TY - CHAP

T1 - Introduction

T2 - Euclidean Background

AU - Corry, Leo

N1 - Publisher Copyright:
© 2022, The Author(s), under exclusive license to Springer Nature Switzerland AG.

PY - 2022

Y1 - 2022

N2 - The present book discusses the historically changing conceptions concerning the relationship between geometry and arithmetic within the Euclidean tradition that developed in the British context of the sixteenth and seventeenth century, with a particular focus on Book II of the Elements. The then recently developed algebraic symbolism and methods, especially as promoted by François Viète and his followers, took center stage as mediators between the two realms, thus offering ways to work out that interaction that are not found in earlier editions of the Euclidean text in other European contexts. The book discusses works written by prominent figures in British mathematics, focusing on the way they handled results related with Book II: Robert Recorde’s Pathway to Knowledge (1551), the first two English translations of the Elements (by Henry Billingsley (1570) and Thomas Rudd (1651)), two remarkable books published in 1631, Clavis Mathematicae by William Oughtred and Artis Analyticae Praxis by Thomas Harriot, and the contributions of John Wallis and Isaac Barrow. Also discussed are Euclidean versions written by somewhat lesser-known and less influential, but no less interesting mathematicians, such as John Leeke and George Serle, Reeve Williams and William Halifax, William Alingham and Henry Hill. The introductory chapter comprises summary accounts of three background issues that play a central role in the story: (a) Book II of Euclid’s Elements; (b) the early printed editions of the Elements; (c) the rise of the new symbolic algebra, leading to the work of Viète.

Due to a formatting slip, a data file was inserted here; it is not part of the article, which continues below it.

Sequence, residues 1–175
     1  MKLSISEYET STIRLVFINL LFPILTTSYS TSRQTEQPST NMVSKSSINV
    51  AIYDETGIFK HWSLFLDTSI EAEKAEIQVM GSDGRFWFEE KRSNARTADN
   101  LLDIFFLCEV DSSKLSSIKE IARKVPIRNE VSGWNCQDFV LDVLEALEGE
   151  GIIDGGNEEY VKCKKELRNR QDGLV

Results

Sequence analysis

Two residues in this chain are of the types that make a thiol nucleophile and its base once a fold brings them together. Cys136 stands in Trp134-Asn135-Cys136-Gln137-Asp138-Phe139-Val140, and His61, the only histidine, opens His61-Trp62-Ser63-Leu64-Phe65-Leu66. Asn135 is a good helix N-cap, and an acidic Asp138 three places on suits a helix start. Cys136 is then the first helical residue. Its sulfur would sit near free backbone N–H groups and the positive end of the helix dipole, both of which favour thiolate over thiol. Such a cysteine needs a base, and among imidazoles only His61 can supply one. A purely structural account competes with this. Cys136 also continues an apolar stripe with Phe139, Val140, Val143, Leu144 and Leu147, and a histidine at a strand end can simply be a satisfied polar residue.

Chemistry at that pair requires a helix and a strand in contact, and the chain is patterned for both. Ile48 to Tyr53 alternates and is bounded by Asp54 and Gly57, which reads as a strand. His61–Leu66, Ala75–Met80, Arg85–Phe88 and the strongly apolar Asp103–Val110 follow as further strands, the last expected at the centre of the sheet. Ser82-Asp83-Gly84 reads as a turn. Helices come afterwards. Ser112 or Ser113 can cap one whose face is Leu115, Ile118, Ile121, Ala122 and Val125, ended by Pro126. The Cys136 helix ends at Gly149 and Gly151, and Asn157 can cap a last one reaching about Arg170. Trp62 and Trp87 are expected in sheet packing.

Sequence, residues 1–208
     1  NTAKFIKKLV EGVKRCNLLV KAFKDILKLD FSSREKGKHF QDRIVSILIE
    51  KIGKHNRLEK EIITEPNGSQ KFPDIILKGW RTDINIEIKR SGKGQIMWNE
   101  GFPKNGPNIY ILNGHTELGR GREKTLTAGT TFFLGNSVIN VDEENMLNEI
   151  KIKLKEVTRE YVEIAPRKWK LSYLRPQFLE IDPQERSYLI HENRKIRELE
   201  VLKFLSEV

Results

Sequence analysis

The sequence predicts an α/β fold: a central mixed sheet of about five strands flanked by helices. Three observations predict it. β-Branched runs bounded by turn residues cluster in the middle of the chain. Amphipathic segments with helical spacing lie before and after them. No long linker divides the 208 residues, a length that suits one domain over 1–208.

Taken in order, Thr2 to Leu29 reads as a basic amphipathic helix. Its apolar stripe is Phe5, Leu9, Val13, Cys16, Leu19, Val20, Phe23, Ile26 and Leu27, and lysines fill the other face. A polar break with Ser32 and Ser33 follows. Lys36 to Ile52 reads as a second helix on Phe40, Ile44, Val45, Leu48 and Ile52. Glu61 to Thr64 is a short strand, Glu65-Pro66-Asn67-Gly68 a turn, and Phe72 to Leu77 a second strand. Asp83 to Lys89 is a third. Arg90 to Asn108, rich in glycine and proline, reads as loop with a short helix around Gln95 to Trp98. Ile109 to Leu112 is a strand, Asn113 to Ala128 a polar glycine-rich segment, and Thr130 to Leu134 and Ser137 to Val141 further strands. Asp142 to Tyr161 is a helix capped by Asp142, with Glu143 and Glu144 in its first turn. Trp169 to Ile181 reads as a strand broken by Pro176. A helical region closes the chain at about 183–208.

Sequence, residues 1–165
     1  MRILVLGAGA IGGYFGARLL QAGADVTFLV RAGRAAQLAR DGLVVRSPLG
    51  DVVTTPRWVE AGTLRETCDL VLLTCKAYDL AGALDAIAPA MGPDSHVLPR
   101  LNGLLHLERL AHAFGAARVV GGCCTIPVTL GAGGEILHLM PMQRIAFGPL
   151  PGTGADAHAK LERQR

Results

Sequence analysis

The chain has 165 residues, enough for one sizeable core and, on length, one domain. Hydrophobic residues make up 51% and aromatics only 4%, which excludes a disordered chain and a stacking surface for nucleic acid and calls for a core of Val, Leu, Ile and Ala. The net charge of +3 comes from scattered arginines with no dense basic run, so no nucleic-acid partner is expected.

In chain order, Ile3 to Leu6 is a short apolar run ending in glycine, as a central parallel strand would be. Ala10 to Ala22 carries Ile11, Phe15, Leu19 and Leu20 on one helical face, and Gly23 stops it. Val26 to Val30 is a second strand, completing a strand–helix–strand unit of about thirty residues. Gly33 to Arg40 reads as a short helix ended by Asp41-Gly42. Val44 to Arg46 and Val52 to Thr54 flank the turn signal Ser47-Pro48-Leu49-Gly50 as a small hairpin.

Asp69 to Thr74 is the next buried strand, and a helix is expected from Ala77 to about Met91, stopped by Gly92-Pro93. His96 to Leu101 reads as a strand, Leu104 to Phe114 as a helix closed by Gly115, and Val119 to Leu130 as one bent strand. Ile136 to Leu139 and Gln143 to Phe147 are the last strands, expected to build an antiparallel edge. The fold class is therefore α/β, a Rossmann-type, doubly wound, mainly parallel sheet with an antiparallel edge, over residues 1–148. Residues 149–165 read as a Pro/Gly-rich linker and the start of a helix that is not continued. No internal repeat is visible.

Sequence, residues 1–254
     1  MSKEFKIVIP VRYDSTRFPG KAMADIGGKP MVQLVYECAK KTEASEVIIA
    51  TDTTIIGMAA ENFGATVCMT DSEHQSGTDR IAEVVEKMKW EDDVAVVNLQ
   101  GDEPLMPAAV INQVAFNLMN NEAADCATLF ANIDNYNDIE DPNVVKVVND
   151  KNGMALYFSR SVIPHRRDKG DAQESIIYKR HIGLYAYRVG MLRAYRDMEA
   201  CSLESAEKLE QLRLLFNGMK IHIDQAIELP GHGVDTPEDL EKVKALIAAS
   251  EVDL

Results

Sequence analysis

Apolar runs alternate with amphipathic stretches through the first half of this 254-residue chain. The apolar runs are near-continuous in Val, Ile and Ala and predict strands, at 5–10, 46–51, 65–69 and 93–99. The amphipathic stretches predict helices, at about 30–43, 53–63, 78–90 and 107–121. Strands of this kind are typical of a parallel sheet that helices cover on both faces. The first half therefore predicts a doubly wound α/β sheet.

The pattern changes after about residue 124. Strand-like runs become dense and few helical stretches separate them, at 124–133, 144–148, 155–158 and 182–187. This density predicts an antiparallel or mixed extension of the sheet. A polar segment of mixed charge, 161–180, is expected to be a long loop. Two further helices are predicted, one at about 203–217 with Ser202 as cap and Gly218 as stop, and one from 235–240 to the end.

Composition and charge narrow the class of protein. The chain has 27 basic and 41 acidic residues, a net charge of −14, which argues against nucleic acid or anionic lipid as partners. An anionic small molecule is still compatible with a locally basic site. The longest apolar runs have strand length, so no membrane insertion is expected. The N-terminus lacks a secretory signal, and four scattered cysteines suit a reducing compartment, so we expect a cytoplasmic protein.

AB - The present book discusses the historically changing conceptions concerning the relationship between geometry and arithmetic within the Euclidean tradition that developed in the British context of the sixteenth and seventeenth century, with a particular focus on Book II of the Elements. The then recently developed algebraic symbolism and methods, especially as promoted by François Viète and his followers, took center stage as mediators between the two realms, thus offering ways to work out that interaction that are not found in earlier editions of the Euclidean text in other European contexts. The book discusses works written by prominent figures in British mathematics, focusing on the way they handled results related with Book II: Robert Recorde’s Pathway to Knowledge (1551), the first two English translations of the Elements (by Henry Billingsley (1570) and Thomas Rudd (1651)), two remarkable books published in 1631, Clavis Mathematicae by William Oughtred and Artis Analyticae Praxis by Thomas Harriot, and the contributions of John Wallis and Isaac Barrow. Also discussed are Euclidean versions written by somewhat lesser-known and less influential, but no less interesting mathematicians, such as John Leeke and George Serle, Reeve Williams and William Halifax, William Alingham and Henry Hill. The introductory chapter comprises summary accounts of three background issues that play a central role in the story: (a) Book II of Euclid’s Elements; (b) the early printed editions of the Elements; (c) the rise of the new symbolic algebra, leading to the work of Viète.

KW - British mathematics

KW - Early algebraic symbolism

KW - Euclidean tradition

KW - Euclid’s Book II

KW - Euclid’s Elements

KW - François Viète

KW - Renaissance mathematics

UR - http://www.scopus.com/inward/record.url?scp=85138170725&partnerID=8YFLogxK

U2 - 10.1007/978-3-031-11538-7_1

DO - 10.1007/978-3-031-11538-7_1

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AN - SCOPUS:85138170725

T3 - SpringerBriefs in History of Science and Technology

SP - 1

EP - 11

BT - SpringerBriefs in History of Science and Technology

PB - Springer Nature

ER -